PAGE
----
- A cable for connecting the HDMI output to your monitor or TV.
Throughout this article, I assume you already installed the Raspberry PI operating system. I recommend the Lite edition. The Lite edition of the Raspberry PI operating system does not include a graphical desktop environment. That way you start with a clean slate.
I’ll be using my Raspberry PI 4 with 4 GB RAM to install the XFCE desktop. I already installed the Lite edition of the Raspberry PI operating system on it. Furthermore, I added a new user account for user
pragmalin and removed the default
pi user account, for security purposes. Although not necessary, I recommend that you start with the same foundation. Refer to the previously published tutorial on how to perform a minimal install on your Raspberry PI for step-by-step instructions.
Graphical desktop components
Before diving right into the installation of XFCE on your Raspberry PI, I would like to present a brief overview of all the components that go into a Linux graphical desktop. This theoretical background information is optional. Feel free to skip to the next section to continue with the hands-on XFCE installation part on your Raspberry PI.
Refer to the following illustration for an overview of all components:
Note the added text after the arrow in the illustration. These are the specific components we’ll install for our XFCE desktop. For a Linux graphical desktop, the specific components can differ. For example, a Gnome desktop environment typically uses the gdm display manager instead of lightdm.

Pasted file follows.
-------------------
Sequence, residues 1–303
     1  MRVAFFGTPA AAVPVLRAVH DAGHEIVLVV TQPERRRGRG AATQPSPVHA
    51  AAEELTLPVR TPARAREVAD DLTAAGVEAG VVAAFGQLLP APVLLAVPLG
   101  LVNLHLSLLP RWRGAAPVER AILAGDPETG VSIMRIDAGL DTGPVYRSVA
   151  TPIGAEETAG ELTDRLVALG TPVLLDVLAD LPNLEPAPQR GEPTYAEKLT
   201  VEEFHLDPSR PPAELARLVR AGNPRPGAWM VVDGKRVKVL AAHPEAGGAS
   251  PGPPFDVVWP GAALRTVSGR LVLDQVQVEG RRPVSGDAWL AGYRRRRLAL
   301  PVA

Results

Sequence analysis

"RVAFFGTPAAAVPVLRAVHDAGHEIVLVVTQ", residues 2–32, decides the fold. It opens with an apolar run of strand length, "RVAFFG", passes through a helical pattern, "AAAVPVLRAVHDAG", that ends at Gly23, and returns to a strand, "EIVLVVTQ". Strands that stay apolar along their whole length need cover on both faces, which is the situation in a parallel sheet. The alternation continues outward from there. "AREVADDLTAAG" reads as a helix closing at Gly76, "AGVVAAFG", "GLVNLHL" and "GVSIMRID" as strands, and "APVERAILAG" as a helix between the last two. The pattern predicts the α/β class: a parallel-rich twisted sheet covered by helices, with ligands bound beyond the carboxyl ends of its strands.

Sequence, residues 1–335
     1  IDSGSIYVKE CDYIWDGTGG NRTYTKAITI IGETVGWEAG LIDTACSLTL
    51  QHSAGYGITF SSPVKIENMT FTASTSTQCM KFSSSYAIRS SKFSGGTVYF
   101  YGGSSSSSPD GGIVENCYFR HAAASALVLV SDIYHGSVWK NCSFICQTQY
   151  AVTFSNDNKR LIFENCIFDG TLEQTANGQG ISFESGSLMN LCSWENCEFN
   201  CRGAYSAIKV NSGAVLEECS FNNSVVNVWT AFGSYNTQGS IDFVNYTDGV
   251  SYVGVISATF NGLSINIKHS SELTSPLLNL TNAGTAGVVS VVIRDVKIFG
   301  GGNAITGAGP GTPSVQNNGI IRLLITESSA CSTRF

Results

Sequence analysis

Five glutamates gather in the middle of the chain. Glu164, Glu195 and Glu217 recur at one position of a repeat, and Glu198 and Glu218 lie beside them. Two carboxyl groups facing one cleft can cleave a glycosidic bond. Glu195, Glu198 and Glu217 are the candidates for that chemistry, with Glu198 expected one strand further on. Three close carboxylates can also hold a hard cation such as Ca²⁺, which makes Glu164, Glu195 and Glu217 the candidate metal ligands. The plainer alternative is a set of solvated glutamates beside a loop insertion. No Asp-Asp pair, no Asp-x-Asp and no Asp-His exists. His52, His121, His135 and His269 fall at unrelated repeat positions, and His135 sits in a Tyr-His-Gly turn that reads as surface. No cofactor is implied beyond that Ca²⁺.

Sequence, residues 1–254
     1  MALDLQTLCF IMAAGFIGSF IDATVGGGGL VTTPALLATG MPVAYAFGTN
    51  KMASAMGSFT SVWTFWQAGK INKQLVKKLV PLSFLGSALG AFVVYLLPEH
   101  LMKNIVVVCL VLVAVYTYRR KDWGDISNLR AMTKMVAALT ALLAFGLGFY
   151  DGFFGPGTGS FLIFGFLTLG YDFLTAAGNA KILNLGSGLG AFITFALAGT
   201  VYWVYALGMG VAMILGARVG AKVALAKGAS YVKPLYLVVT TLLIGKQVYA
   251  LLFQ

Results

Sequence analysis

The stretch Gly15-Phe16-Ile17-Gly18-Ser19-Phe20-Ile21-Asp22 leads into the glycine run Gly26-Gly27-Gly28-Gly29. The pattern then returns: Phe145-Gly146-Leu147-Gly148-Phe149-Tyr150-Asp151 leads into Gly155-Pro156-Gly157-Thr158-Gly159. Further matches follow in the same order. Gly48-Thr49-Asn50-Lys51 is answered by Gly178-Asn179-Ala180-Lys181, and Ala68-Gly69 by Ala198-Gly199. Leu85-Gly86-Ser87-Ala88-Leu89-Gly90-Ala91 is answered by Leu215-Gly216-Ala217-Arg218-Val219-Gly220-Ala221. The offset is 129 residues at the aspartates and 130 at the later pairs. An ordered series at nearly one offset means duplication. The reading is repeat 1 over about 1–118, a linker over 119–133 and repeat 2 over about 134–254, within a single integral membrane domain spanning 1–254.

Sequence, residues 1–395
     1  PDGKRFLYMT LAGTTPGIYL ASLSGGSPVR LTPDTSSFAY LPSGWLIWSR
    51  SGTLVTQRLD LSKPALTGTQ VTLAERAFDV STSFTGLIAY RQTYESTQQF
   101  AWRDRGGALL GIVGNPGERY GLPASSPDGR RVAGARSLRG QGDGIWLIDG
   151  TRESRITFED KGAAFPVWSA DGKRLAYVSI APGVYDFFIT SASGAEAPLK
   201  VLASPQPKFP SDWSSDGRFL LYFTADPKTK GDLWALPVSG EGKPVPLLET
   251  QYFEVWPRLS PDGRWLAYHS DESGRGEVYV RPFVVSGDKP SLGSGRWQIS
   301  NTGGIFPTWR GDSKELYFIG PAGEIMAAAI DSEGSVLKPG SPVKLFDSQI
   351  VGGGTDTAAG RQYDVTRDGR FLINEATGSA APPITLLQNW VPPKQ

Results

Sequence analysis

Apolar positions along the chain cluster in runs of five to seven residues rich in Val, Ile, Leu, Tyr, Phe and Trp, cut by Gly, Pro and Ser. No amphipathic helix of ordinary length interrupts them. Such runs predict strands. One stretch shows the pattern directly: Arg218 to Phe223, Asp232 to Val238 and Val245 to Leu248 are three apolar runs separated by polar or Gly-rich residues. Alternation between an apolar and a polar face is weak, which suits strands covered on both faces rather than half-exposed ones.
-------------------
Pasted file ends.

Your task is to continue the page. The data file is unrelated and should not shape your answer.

In order to do anything graphically, as opposed to just the basic command line, you need a display server. It provides the foundation needed by all the other components. It handles outputting pixels on the display and detecting input events from the mouse and keyboard.
Think of the display manager as the login screen. It is the first thing that gets started if the operating system supports a graphical desktop. On this screen you enter your username and password to login. Furthermore, it offers you a choice of the desktop session to start.
After logging in, the display manager hands control over to the session manager. Simply put, the session manager manages the state of the desktop of the logged in user(s). So which applications are running and what their window state and position is. Furthermore, the session manager makes it possible to save your desktop when you logout. Upon the next login it can automatically restore your desktop for you.
The window manager controls the placement, movement and look of all windows and their controls (button, check box, etc). Its the one that draws the border around each window and adds the title bar. Additionally, the window manager enables you to tile, stack and move windows around.